Congress is preparing to consider such measures as a ban on the manufacture of new high-powered assault weapons, cracking down on straw purchases of guns for those who can't pass background checks, curbing gun trafficking and expanding background checks.
House Speaker John Boehner has said he has no plans to bring any measure up for a vote until the Senate acts first.
Republicans oppose any assault weapons ban and rural-state Democrats facing tough re-election fights are unlikely to support it as well, meaning that proposal has little chance of passing Congress.
There is some bipartisan support for expanded background checks, especially to keep guns out of the hands of people with mental illness. A number of lawmakers may also support limiting the size of ammunition magazines.
The top Democrat in Congress, Senate Majority Leader Harry Reid of Nevada, has a good rating from gun rights groups and has said he would work to ensure that a variety of proposals are brought to the floor for consideration.
To that end, the emotional nature of the president's address could help Democrats who are in a difficult position on Obama's push for Congress to at least vote on tougher gun laws.
The call places pressure on congressional Democrats, particularly in the House who may find that support of tougher gun laws could make it hard for them in the 2014 mid-term election. But bucking the party could anger the Democratic base.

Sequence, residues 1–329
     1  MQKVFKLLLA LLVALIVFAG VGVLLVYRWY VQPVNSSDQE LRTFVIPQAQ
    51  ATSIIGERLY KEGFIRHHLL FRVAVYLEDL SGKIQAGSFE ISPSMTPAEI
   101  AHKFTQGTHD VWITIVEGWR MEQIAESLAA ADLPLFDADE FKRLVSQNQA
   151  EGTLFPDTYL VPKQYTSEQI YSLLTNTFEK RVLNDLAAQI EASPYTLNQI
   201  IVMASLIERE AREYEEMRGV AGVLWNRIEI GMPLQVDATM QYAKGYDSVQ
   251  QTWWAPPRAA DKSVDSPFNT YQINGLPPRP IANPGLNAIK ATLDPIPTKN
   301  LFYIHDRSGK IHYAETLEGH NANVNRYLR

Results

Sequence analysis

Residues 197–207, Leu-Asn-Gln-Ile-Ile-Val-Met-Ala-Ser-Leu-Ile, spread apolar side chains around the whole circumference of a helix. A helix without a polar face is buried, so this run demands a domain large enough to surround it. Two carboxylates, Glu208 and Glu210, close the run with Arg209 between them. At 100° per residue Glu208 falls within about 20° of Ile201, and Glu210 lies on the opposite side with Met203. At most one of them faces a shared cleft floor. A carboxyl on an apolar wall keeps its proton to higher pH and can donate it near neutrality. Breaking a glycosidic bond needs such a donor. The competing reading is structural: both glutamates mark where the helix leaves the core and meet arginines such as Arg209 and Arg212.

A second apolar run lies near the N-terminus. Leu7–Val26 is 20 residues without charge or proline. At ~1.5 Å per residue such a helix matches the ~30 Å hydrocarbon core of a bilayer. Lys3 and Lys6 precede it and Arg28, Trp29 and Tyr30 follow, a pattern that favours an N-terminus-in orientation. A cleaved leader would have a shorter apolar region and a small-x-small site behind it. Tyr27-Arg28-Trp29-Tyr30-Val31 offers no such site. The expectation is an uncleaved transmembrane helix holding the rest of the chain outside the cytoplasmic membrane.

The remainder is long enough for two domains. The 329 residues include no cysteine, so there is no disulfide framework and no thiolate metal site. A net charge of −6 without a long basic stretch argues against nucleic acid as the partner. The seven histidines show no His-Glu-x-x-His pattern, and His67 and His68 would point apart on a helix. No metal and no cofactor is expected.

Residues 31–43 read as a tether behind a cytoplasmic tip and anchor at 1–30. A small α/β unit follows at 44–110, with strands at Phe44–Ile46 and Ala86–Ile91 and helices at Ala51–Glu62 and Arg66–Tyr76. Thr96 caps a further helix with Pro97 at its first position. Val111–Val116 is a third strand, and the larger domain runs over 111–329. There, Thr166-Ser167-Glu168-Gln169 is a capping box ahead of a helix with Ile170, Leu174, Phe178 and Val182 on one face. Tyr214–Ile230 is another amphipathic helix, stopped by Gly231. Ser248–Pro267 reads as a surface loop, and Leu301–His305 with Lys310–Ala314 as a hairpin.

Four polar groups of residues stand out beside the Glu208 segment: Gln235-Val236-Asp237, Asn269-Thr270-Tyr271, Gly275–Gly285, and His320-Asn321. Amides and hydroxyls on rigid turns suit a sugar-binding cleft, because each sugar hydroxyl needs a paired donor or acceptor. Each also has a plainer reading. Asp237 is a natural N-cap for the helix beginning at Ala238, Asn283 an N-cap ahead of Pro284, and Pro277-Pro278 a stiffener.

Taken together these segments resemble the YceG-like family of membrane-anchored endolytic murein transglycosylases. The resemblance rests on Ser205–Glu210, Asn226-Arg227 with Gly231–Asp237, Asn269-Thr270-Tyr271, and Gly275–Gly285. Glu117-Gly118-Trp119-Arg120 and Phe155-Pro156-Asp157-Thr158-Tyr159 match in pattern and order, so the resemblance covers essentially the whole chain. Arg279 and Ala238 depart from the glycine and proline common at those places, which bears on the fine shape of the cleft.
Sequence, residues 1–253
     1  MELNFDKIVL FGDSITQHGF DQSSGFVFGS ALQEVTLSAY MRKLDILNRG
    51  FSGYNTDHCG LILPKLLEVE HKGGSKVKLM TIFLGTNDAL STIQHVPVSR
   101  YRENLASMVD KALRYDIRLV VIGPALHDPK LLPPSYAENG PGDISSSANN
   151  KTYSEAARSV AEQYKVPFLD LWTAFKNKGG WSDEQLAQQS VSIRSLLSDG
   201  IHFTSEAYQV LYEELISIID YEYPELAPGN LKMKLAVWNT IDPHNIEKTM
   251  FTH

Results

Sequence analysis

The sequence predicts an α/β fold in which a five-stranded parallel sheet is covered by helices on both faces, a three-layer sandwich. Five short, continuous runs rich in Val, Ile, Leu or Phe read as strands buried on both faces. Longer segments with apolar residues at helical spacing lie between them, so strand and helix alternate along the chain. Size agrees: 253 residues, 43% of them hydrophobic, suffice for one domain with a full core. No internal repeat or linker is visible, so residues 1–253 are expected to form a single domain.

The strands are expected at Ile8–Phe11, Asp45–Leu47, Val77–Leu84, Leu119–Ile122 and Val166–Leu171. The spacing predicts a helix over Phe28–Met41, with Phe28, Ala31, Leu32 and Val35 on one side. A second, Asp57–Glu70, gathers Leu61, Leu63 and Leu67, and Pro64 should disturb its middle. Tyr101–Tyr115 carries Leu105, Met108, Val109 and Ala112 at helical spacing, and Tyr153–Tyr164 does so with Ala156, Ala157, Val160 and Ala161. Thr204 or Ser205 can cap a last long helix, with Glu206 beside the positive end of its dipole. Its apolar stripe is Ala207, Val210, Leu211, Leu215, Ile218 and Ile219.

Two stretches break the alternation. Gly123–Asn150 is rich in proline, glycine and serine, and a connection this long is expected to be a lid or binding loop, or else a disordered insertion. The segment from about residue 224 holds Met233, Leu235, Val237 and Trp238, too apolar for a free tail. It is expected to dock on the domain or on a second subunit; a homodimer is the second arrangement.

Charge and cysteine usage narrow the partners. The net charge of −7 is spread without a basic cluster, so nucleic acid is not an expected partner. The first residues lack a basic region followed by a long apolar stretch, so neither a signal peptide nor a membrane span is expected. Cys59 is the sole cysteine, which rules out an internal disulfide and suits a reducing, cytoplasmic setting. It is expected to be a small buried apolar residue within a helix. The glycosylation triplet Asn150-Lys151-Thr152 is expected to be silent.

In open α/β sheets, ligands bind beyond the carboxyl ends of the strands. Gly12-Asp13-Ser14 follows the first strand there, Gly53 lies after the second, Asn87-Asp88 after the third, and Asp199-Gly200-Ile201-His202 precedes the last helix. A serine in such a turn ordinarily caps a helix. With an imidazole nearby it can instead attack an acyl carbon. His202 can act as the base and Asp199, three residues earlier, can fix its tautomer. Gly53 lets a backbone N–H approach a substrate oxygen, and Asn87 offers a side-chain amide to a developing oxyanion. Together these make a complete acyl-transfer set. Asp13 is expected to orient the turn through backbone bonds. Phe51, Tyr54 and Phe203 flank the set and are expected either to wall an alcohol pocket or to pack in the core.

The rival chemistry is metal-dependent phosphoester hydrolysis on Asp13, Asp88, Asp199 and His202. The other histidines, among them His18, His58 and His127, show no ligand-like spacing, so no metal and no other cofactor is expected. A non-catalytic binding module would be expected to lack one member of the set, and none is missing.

"I think that the emotional appeal in the State of the Union speech can be important for elected officials who have to appeal to a jurisdiction that is not overwhelmingly Republican," said Daniel Webster, director of Johns Hopkins Center for Gun Policy and Research.
"I have some confidence that there will be support in the Senate, including from several Democrats in states with large populations who are gun owners, for passing universal background checks, funding to encourage better reporting to the NICS (National Instant Criminal Background Check System) mental health disqualifications, and measures to strengthen laws that can be used to prosecute and deter illegal gun trafficking," Webster said.
However getting such legislation past the House is another matter.
"I am less optimistic about these things in the House because the Republican party has so few moderates, most are in safe gerrymandered districts, and the NRA provides critical funding and grassroots resources," Webster said. "But I suspect that the party will take a hit politically if they have a deaf ear to the country's cry for much needed reforms."